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When and why did you begin writing?
I actually wrote my first story, which was a haunted house story, when I was in kindergarten. It was front and back of a single page, with some of the letters written backwards. I still have the story too. Then I didn’t write anything, as far as a solid effort goes, until 2009. I’m 38, so it was awhile. I’ve always loved horror, from tv shows, to Halloween, to movies. Spooky to gory. I was too busy partying and playing MMO’s (video games online). When I stopped playing the games and settled down, I found time to write.
Judging from your works on Smashwords.com (“Teenage Zombie Party” and “Another Man’s Wife Plus 3 Other Tales Of Horror”), it appears as though you started your career writing short stories and worked your way into novels. Am I correct? If so, was it a difficult transition to make?
Yes. In 2009, while I was at work, I decided to write a short story. I submitted it to Weird Tales Magazine and received a personalized rejection from a prominent member of the horror community. I was thrilled even though it was a rejection.
I wrote a few more stories and had two accepted at the same time by two different magazines. I was on top of the world! I continued along the short story path, hoping to hone my writing skills and build a decent list of credits. My novels, Amongst the Dead and Tears of No Return, both started out as short stories. With Amongst the Dead, I took one chapter at a time, treating each one almost as if they were individual short stories, making it easier on myself, instead of saying, “I’m going to turn this into a novel.” With Tears of No Return, after I wrote the short story, I went back to it and decided to see what happens. It was a huge idea and I was nervous, but I just started writing and it poured out. I’ve never gotten anything down on paper so quickly. Yes, I write long-hand first.
I think writing a “good” short story is harder than writing a novel. It doesn’t take more time of course, but with a short, you really have to use your words wisely, get the message across quickly, whereas with a novel, you have time to build and explore.
“Machines Of The Dead”, your new novel available through Severed Press, presents a very different look at zombies and their origin. Did you intentionally set out to put a new spin on the zombie genre, or did it just happen?
Yes. I wanted to try and come up with a new type of zombie, one that could be plausible, yet keep the “Romero” style alive (the slow movers.)
I noticed that “Machines Of The Dead” ends on a cliffhanger. Will this become a series?
Yes. There is a plan for 2 more books, but with Machines of the Dead, I am along for the ride with the characters. I have no idea where we’re going or what we’re doing, which is how I usually like to write.
It’s obvious that you love horror, but what scares you the most?
Spiders, even the non-poisonous ones. It’s weird, other bugs don’t really bother me. I was once stung by over 35 bees, all within a few minutes. If I wasn’t near a lake where my mother dunked me under water, I might’ve had more and I still fear spiders more than bees. Actually, bees don’t really bother me at all.
Your new novel, “Amongst The Dead” will be available through Samhain Publishing this November. Can you tell us a little bit about it?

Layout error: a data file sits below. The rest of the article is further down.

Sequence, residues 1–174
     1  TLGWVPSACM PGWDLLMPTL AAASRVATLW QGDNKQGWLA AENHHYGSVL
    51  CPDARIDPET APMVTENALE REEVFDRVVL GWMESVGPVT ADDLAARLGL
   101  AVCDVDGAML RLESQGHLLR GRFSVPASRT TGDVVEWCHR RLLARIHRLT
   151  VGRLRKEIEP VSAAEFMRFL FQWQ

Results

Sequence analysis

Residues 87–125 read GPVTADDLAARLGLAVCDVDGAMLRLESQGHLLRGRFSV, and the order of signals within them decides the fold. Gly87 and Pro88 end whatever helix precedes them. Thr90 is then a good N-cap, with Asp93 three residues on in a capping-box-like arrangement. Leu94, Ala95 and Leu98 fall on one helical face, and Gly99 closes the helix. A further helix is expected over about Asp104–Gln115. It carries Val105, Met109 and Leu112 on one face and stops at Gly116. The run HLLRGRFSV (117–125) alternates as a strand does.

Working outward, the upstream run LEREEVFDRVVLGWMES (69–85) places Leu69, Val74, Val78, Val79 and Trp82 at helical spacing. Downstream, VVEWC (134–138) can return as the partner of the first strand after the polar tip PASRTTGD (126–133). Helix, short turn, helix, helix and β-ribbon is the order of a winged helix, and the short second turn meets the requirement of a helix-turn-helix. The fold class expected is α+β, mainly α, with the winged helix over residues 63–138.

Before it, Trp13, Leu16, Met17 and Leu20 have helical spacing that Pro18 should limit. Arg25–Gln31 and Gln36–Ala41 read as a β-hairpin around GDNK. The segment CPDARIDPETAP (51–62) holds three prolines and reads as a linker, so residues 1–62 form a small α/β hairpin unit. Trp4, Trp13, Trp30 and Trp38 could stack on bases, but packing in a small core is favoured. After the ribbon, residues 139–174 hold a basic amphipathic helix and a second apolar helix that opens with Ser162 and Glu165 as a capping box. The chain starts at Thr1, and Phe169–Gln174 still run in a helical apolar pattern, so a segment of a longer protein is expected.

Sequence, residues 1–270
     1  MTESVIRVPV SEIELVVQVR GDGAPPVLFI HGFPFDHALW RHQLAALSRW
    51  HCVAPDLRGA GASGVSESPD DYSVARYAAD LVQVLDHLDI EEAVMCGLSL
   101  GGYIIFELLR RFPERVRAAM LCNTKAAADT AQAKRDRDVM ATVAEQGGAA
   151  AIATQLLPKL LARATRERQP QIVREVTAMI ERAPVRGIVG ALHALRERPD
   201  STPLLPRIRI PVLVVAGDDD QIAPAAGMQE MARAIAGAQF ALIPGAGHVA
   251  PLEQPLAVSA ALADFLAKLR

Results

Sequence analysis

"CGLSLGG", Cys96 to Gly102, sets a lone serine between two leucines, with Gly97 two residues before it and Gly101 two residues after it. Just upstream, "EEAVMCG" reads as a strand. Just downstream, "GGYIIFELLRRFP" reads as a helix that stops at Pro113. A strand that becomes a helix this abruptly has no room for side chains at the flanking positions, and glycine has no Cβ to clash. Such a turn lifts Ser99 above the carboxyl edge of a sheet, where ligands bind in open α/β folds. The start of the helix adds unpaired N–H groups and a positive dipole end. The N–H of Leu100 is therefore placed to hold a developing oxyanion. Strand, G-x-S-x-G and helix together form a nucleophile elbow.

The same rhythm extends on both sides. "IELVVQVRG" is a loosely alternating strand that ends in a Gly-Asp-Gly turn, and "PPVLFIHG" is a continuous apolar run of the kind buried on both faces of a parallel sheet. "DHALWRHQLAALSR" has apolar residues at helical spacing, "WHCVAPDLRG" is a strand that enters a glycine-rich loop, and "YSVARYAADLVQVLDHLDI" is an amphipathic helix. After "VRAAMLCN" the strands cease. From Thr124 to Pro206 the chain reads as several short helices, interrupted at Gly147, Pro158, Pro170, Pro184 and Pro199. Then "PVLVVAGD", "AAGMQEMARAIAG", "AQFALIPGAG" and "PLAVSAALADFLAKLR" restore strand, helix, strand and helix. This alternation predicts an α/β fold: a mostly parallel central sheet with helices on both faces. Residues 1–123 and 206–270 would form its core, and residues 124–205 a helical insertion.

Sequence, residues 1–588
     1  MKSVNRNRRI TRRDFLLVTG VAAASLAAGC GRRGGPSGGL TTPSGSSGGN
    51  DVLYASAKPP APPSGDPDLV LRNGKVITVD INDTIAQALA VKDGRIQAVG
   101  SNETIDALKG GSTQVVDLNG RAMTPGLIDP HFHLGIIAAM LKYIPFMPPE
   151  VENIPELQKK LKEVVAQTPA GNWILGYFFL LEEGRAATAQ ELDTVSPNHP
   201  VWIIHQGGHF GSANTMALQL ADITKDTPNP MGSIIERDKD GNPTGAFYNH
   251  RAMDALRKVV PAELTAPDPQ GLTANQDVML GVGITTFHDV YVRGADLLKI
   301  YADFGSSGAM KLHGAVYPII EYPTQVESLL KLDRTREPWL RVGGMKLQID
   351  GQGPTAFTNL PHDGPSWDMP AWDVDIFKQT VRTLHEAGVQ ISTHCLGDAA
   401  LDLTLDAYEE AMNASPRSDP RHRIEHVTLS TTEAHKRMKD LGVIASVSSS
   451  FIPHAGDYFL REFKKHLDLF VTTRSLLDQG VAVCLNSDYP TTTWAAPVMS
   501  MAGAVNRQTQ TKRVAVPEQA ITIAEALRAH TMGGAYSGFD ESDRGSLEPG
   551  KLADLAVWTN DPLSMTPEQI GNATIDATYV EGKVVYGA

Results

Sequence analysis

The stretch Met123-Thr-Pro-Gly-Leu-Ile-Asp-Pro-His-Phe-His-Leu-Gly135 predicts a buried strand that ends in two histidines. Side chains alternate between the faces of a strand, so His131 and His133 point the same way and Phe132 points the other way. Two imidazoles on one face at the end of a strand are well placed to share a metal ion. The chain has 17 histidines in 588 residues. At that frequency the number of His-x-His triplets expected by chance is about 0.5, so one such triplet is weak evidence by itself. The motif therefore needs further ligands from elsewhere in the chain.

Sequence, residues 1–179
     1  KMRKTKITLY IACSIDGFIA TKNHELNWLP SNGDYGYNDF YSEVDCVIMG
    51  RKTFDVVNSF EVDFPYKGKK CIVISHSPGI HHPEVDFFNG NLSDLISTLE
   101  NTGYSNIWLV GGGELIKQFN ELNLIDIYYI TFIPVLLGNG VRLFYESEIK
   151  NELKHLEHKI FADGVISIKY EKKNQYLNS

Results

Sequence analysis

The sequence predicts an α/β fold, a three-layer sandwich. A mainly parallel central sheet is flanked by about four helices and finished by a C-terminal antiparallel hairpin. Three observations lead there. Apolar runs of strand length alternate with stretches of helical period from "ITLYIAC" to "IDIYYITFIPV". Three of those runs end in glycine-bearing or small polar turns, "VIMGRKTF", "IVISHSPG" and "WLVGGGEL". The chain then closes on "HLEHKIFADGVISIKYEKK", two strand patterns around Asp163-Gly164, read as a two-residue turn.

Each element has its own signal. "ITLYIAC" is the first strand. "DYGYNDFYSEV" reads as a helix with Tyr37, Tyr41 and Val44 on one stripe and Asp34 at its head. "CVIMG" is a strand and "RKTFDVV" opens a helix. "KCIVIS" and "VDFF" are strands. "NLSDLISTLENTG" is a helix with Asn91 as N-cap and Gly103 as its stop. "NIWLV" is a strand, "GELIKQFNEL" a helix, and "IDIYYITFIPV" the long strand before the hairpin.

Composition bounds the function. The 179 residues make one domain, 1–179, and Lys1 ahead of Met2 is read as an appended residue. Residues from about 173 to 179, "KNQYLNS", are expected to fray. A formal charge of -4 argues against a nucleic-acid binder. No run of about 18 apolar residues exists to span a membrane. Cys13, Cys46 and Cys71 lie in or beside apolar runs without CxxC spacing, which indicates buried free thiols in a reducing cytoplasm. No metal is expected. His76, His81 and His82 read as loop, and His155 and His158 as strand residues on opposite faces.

Amongst the Dead is a completely different type of zombie novel than Machines of the Dead. ATD is about a twelve-year-old girl who is left alone in a cabin in the woods after her father dies. The world is post-apocalyptic, with numerous types of undead, from trackers, runners, slow-movers, etc. How will she survive? Where will she go? Are there any good people left in the world? Humans will be the biggest threat. But she isn’t a pushover and is a crack shot with a rifle. Her world is filled with malicious gangs, eyeless religious fanatics, and of course, the undead.
I also have another novel coming out in August from Evil Jester Press, called Tears of No Return. It’s about a woman who is infected with a contagion derived from the brain of an extra-terrestrial life-form, giving her the ability to read minds, with other, far more dangerous abilities yet to be realized. She is also contagious, and if spread amongst the population, the contagion she carries would forever change the world, bringing it to its knees in apocalyptic fashion. There’s a secret branch of the military after her, supernatural creatures involved, and a new take on an old, familiar monster. (I don’t know if my publisher wants me giving it away.) It’s a 94,000 word dark urban fantasy/horror/thriller. Kinda threw in everything.
Did you learn anything from writing your books? If so, what was it?
Patience. Take the good with the bad. Rejection is going to happen and you have to just shrug it off and keep submitting and keep writing. I was ready to give up on Amongst the Dead. Thought it would never be published unless I published it myself. But I hung in there and was presented with a great opportunity. Tears of No Return was also rejected a number of times. But eventually they both found great homes.
Returning to the topic of your short stories, is there one that stands out as your best, or your favorite?
I hate to sound boring, but I love them all. Well, except one or two that will never see the light of day.
Are there any authors you look up to? What is it that you like about their work?
There are tons! I hate to sound like so many others, but what did it for me was Stephen King. I hated reading. Then one day, in study hall, a friend lent me his book, Stephen King’s IT, and I loved it. Today, I read so many different authors and so many types of horror books. Zombie, ghost, serial killer, monsters, slashers, whatever I think I might enjoy.
What are some important links for finding you and your work online?